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Eat Less Sulfur Amino Acids to Reduce Heart Disease Risk

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A plant-based diet low in such sulfur amino acid foods as meat, dairy, nuts and soy may be key to lowering the risk of heart disease, concludes a study from the Penn State University College of Medicine. Amino acids are the building blocks of proteins; a subcategory called sulfur amino acids plays integral roles in metabolism. Researchers correlated diets and blood biomarkers of more than 11,000 participants from a national study and found people that ate foods containing fewer sulfur amino acids tended to have a decreased risk for cardiometabolic diseases such as heart disease and diabetes. They also found that the average American consumes almost two-and-a-half times more sulfur amino acids than the estimated average requirement. “People who eat lots of plant-based products like fruits and vegetables will consume lower amounts of sulfur amino acids,” says lead author Zhen Dong, a doctor of public health.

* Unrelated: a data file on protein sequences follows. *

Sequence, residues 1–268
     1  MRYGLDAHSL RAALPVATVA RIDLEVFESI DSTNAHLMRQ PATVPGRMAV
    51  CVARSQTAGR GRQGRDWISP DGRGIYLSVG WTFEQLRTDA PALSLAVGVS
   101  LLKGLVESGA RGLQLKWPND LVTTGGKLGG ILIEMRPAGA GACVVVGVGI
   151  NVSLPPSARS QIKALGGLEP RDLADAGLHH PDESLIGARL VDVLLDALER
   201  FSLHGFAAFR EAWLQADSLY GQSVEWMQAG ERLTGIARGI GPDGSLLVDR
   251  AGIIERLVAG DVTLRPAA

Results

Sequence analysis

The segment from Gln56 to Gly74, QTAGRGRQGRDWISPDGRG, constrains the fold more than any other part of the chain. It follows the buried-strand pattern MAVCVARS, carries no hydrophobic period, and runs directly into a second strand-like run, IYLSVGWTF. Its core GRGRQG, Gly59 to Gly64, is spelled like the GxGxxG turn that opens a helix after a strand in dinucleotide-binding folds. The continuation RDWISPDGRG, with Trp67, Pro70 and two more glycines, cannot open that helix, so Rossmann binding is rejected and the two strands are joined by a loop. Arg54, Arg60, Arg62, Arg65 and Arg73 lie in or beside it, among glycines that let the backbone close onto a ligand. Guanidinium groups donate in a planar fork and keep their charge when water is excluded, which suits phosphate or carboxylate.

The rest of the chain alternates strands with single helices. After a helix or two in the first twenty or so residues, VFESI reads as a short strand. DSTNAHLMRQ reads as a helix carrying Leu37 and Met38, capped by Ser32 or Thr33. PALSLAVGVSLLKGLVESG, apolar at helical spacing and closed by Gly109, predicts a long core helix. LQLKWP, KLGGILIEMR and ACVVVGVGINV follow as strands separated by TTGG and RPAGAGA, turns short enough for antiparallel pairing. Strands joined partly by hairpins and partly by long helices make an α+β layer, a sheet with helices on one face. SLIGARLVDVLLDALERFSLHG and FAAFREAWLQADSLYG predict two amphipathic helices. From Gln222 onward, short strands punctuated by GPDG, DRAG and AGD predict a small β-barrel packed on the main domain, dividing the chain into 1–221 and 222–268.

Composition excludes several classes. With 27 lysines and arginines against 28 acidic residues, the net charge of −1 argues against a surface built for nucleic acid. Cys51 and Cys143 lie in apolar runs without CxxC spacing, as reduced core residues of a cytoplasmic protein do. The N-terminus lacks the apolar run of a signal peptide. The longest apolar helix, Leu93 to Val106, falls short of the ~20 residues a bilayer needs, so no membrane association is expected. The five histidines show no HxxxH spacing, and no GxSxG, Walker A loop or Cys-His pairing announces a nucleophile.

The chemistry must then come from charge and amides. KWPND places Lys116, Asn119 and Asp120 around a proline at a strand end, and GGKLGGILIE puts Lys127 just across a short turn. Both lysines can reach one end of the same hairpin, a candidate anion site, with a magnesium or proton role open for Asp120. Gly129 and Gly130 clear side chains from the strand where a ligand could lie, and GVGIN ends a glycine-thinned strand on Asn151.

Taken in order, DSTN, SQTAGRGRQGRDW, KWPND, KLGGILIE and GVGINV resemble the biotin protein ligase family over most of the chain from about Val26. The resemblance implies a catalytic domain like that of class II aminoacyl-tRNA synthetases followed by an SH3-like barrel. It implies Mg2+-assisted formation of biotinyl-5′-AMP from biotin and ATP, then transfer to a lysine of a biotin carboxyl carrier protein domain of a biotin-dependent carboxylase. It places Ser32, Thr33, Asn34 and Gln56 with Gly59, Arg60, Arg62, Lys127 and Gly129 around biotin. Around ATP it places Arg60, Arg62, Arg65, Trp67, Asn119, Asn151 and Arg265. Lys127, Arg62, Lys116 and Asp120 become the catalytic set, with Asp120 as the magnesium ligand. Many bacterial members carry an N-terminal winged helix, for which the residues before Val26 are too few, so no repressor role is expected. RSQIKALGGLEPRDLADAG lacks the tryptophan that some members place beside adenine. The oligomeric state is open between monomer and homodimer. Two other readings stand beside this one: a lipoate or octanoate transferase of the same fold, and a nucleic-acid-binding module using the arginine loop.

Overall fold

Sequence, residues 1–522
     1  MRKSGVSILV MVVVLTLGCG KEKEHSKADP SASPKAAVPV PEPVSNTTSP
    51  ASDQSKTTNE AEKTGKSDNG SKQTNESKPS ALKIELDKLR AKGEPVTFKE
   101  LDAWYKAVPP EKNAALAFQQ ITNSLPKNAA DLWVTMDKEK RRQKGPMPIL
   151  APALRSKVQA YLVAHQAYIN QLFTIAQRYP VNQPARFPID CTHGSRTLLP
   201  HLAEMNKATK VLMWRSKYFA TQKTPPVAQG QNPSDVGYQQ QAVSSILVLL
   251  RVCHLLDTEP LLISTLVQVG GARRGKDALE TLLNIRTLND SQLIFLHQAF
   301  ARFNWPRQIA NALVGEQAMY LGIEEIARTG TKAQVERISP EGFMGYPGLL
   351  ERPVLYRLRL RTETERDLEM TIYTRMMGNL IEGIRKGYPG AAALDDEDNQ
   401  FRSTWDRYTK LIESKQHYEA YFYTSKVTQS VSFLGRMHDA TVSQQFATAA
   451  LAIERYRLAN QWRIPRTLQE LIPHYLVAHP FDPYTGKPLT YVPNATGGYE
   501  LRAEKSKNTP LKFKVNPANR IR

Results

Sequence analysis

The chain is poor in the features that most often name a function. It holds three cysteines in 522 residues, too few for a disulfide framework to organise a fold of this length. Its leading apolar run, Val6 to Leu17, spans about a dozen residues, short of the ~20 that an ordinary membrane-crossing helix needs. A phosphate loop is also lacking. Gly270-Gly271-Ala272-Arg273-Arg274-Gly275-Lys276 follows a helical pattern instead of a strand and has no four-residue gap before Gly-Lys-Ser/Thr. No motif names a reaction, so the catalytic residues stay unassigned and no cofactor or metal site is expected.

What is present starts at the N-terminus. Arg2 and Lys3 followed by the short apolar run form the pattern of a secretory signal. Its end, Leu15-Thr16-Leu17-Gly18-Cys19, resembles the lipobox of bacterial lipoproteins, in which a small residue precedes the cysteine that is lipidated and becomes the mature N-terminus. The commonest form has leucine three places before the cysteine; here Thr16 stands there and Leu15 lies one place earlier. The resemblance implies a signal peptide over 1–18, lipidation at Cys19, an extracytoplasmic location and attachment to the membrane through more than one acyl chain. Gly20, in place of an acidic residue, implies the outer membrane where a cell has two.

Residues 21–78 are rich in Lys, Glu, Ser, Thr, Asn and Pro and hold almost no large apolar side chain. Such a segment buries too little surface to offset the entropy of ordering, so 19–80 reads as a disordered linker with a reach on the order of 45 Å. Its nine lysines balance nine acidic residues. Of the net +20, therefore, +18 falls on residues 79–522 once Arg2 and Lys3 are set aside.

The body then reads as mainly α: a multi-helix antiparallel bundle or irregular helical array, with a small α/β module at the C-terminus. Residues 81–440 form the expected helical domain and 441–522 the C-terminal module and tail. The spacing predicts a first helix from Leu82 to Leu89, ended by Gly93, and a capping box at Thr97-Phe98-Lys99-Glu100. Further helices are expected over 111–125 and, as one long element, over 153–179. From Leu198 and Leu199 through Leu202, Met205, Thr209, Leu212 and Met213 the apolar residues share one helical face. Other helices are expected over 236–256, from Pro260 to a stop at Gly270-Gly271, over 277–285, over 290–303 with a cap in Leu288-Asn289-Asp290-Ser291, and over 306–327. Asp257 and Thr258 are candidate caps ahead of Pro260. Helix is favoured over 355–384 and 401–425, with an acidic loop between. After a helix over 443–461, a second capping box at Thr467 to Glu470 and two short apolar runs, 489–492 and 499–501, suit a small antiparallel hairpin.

Confirming this, a Northwestern Medicine and Cornell University study in JAMA Internal Medicine found that every two servings of red meat, processed meat or poultry per week increased cardiovascular disease risk by 3 to 7 percent. For every two servings of red meat or processed meat per week, the risk of death from any cause was increased by 3 percent. The findings, based on an analysis of six studies involving 29,682 people, contradict a controversial study published last year that recommended people not reduce the amount of red meat and processed meat they eat. “Everyone interpreted that it was okay to eat red meat, but I don’t think that is what the science supports,” says senior study author Norrina Allen, a professor of preventive medicine at Northwestern.
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